For the third year in a row, Singapore and Japan have the most powerful passports in the world. According to data from the International Air Transport Association, analyzed by immigration consultants Henley& Partners, citizens of those two nations can travel to 192 of 227 destinations without having to secure a visa.
On the bottom of the list—seven places below North Korea—is Afghanistan, where nationals can gain visa-free access to just 26 countries and territories. Several states severed diplomatic ties with the beleaguered country after the Taliban seized power in August.
Henley’s analysts point out that the latest ranking reflects the greatest disparity between nations at the top and bottom of the list since it began the survey 17 years ago.
Of course, politics isn’t the only thing at play during a pandemic. Covid-19 has countries asking travelers to present an ever-changing list of entry forms, QR codes, and testing reports to secure entry, and the emergence of new variants has resulted in a number of wholesale travel bans between countries, however limited in duration.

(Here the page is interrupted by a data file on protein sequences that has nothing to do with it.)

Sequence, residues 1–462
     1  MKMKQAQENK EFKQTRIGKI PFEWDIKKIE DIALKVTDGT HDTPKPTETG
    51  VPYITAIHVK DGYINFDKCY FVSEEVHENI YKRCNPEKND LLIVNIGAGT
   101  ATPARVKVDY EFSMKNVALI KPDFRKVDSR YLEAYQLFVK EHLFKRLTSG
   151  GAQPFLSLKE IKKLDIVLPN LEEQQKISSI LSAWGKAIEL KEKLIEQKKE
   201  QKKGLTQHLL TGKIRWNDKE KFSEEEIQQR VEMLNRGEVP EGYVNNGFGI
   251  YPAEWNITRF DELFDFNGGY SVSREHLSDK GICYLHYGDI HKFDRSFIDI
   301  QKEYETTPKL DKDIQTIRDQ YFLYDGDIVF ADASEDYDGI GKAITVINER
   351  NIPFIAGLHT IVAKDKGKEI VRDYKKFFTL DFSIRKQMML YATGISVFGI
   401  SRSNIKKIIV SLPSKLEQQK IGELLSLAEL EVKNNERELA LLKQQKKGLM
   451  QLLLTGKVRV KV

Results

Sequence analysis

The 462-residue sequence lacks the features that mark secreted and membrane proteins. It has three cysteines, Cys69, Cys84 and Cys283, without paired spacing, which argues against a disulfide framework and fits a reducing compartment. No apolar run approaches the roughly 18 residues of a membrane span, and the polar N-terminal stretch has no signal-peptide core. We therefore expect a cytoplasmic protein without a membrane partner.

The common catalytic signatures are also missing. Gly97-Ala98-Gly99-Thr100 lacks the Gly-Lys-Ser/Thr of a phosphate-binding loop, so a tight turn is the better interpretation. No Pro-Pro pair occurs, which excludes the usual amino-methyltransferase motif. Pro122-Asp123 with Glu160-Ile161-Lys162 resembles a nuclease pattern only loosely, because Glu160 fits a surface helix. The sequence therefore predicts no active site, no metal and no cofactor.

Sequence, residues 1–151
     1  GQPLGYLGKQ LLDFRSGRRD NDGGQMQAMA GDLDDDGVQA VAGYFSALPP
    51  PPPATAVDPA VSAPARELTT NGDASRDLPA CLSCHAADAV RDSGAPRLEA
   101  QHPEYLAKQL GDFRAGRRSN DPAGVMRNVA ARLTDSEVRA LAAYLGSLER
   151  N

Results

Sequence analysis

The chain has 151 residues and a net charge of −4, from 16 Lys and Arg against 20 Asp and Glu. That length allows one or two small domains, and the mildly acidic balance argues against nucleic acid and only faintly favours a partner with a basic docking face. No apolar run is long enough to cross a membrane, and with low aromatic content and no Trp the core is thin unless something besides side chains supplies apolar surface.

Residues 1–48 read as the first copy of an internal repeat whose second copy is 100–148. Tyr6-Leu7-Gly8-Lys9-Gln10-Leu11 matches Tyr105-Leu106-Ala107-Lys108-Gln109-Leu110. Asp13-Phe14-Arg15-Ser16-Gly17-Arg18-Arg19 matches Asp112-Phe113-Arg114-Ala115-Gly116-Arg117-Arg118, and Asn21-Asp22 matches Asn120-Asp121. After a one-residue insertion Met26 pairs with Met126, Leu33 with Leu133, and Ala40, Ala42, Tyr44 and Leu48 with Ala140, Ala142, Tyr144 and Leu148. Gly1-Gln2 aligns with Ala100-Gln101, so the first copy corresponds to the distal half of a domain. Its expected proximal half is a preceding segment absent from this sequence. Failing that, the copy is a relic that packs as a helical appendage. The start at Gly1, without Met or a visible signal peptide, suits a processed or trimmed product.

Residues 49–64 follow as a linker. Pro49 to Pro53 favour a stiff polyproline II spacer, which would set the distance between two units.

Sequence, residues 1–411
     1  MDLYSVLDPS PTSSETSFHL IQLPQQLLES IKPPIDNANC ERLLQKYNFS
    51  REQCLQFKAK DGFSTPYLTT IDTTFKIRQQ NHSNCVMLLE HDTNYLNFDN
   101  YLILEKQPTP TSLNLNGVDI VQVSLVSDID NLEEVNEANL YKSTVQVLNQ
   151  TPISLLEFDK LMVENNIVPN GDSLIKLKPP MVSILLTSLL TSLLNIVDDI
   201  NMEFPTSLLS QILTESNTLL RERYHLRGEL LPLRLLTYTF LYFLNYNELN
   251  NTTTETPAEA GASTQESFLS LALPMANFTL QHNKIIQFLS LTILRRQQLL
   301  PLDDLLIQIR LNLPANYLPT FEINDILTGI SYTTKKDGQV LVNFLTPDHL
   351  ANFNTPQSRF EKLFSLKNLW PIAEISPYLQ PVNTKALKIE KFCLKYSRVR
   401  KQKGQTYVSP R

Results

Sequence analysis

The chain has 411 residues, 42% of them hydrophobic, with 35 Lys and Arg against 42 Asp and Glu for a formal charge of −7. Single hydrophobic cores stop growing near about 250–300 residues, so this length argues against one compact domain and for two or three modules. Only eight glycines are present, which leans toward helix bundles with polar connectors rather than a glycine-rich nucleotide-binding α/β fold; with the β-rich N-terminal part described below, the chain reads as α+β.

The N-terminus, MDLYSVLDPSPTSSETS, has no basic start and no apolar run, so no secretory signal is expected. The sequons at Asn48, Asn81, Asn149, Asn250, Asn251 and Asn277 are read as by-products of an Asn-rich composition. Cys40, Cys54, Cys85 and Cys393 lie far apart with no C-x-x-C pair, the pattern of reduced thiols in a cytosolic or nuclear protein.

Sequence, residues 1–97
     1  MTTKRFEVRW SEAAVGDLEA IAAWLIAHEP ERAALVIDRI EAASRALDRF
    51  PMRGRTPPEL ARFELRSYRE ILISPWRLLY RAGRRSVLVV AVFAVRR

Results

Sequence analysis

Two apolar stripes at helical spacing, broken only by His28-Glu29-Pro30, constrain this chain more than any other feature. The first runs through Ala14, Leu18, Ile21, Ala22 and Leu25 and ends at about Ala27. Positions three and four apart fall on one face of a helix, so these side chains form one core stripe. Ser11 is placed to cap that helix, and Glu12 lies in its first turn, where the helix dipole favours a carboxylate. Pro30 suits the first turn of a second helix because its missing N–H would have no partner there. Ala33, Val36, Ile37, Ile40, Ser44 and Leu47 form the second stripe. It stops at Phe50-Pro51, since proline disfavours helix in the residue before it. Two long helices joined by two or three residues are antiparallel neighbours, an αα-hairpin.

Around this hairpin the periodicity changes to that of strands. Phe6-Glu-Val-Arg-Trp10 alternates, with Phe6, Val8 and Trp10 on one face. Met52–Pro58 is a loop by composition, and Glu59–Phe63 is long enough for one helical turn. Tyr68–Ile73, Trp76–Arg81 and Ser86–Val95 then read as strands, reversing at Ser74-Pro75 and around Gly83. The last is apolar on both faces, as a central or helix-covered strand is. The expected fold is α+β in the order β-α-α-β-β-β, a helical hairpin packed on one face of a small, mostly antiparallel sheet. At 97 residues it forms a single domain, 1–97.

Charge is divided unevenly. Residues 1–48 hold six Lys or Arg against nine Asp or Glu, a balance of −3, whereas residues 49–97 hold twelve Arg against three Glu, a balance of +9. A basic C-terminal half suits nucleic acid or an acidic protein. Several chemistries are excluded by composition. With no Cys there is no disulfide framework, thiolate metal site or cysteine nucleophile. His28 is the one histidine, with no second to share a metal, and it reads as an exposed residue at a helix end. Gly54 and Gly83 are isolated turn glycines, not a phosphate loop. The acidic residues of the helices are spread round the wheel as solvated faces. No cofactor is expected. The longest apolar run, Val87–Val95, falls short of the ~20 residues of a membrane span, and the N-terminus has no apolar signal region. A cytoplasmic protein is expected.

Most recently, the highly transmissible omicron variant resulted in a kind of “travel apartheid” against poorer nations, UN secretary-general Antonio Guterres said last month. Speaking in New York, Guterres decried blanket travel bans based on nationality as both “deeply unfair” and ultimately ineffective; he argued that only regular testing will slow the spread of covid.
Swiss health expert Andreas Brauchlin raised an additional point in a recent blog post: The freedom and mobility of a country’s citizens is likewise impacted by which vaccines they have access to, and whether they’ve been approved by the World Health Organization. “Vaccine passports, which once held the hope of negating the requirement for travel restrictions, are likely to expire after certain time periods,” Brauchlin wrote. “Seemingly, an individual’s health and vaccination status are as influential on mobility as their passport’s visa-free access.”